Financially Future Proofing Your Children's Hospital

Michael Gladson, Rick Roycroft, Michael Pou

Today, many children’s hospitals have adequate margins – relative to those at many adult facilities – in part due to the current Medicaid reimbursement and reasonably favorable commercial rates. However, the recent rumblings on Capitol Hill about impending changes are causing many to consider how long this will last. Potential funding cuts along with changing market dynamics including the shift of care to lower cost settings and changes in payer rates might impact these organizations.

As you lead amid this financial uncertainty, a clearly defined financial plan must be a part of your strategic vision.

As you lead amid this financial uncertainty, a clearly defined financial plan must be a part of your strategic vision. This requires that you focus on growing the business for the future while optimizing today’s business and map your financial strategy to your strategic plan.

Combat Margin Uncertainty by Improving Your Core Business Processes

Optimize core business functions to streamline costs and resources while continuing to provide an outstanding patient experience. A strong core business should include efficient revenue cycle and supply chain processes. This will ensure that you have a solid financial foundation while providing high-value care.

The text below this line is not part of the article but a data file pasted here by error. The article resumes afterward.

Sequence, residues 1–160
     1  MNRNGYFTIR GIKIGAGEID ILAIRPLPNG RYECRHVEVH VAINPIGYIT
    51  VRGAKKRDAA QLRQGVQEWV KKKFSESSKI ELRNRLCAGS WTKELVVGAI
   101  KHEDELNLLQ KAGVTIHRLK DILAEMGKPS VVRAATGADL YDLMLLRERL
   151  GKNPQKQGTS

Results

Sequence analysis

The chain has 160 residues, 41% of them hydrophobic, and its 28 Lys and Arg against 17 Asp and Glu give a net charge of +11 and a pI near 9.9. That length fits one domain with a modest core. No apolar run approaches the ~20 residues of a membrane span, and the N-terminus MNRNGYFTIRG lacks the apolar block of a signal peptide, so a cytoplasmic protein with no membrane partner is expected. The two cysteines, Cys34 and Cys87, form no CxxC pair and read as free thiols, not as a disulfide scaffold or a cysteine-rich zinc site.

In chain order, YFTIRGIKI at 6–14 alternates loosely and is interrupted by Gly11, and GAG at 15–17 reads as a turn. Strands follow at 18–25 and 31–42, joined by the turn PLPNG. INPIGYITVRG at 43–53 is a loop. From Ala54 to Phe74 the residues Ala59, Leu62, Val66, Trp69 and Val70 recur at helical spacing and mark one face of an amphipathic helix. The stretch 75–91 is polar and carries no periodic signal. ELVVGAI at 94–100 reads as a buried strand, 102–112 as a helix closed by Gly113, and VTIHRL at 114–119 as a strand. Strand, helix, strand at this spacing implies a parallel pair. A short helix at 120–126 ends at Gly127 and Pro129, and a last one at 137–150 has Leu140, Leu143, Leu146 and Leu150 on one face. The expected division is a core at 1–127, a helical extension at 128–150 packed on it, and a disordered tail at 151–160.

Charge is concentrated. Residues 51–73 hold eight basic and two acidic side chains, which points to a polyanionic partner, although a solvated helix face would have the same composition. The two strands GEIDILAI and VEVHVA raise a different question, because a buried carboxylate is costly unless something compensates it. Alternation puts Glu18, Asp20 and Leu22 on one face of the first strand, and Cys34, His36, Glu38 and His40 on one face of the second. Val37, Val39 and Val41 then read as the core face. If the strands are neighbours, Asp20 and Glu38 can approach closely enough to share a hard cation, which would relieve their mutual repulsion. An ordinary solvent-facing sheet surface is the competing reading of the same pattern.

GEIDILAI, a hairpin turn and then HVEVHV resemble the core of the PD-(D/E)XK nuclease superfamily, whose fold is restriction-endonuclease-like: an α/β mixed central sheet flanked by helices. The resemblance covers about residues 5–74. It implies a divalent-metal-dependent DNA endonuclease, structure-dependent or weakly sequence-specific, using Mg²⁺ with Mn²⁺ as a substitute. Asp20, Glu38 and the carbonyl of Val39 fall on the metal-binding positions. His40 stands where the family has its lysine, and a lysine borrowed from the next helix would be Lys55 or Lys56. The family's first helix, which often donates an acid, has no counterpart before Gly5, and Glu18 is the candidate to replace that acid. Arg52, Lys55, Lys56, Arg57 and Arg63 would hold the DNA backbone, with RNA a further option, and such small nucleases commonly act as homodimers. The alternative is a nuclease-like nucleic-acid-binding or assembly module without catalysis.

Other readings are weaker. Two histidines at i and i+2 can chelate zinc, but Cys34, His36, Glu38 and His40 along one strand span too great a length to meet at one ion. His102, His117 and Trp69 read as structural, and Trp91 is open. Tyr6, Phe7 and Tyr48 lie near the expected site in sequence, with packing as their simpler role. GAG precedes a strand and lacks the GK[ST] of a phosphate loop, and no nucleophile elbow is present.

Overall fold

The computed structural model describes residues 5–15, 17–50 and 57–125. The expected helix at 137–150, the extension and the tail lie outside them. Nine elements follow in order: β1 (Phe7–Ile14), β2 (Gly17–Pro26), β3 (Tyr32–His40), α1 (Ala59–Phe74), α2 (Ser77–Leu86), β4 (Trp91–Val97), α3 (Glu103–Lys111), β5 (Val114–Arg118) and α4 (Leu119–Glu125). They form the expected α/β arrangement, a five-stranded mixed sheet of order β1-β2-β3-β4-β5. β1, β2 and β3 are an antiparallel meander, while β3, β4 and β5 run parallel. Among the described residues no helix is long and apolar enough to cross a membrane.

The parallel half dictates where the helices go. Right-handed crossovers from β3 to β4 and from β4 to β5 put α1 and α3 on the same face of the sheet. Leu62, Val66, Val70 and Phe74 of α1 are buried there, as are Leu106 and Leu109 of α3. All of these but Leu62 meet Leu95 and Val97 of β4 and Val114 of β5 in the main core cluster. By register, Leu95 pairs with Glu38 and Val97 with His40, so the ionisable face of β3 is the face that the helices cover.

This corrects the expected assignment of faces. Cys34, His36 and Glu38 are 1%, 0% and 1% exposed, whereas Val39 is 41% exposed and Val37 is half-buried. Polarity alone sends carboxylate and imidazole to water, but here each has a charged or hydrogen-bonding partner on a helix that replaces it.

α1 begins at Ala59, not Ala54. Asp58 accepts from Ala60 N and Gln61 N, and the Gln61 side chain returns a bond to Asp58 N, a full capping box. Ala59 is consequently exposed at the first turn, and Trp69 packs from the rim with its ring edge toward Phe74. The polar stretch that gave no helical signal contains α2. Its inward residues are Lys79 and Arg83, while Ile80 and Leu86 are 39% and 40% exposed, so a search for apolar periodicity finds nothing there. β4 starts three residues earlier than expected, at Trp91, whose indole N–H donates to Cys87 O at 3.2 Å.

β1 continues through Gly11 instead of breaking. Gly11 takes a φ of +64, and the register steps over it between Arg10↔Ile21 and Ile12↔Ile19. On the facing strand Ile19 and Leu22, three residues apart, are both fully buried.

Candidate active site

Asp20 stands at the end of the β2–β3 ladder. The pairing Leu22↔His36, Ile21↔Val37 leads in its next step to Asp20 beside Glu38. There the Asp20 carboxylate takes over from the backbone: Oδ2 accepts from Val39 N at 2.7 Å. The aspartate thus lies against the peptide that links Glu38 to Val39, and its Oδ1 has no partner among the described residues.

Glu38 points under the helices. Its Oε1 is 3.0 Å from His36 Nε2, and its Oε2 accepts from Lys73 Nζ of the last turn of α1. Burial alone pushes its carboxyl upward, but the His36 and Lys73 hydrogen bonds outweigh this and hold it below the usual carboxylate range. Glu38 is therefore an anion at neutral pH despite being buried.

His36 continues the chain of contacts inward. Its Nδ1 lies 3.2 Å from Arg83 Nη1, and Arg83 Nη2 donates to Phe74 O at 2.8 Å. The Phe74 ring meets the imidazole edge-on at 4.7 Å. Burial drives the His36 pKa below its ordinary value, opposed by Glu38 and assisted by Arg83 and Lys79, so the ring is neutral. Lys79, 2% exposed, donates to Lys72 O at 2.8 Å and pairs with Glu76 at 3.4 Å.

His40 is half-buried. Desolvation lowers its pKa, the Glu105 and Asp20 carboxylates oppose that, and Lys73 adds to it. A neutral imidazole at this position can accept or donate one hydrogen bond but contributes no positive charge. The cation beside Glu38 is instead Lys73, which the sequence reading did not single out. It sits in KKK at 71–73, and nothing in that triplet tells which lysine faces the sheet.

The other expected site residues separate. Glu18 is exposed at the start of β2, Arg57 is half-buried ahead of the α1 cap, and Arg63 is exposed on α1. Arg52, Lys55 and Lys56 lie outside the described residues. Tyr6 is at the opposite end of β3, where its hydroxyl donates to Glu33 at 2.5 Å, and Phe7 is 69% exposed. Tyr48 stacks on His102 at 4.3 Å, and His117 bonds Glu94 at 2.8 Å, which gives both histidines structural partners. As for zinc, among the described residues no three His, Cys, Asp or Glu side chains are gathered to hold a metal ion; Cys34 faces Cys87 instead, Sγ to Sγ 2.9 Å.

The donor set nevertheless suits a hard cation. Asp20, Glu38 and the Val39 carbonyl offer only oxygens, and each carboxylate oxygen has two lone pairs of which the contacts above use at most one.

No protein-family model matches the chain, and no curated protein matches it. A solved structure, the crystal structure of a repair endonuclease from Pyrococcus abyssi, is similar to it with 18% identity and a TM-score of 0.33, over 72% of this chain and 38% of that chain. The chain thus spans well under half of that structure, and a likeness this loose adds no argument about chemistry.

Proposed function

• Have upfront conversations with families about the cost of care. When consumers know what they’re going to have to pay for a service upfront they are more satisfied with their experience and better prepared to follow through on paying their bills. Therefore, it’s important to develop a process where you can talk to parents and families about the cost of their child’s upcoming surgery or procedure. This will help you accelerate cash flow and reduce downstream rework.
  • Create processes to stay on top of Medicaid authorizations. Understaffed Medicaid offices make obtaining authorizations and payments challenging. To overcome this obstacle and receive timely reimbursement, you can develop internal protocols and processes that mimic those used by your state agency and implement continuous quality improvement efforts. This will increase the likelihood that clinical and financial criteria are met before a bill is sent and increase authorizations. In addition, use analytics to simulate Medicaid revenue cycle requirements without slowing down your throughput and regularly provide Medicaid with prioritization listings so they can focus on your highest value patients and accounts. These processes should be dynamic, so they can be adjusted as your state’s Medicaid office changes.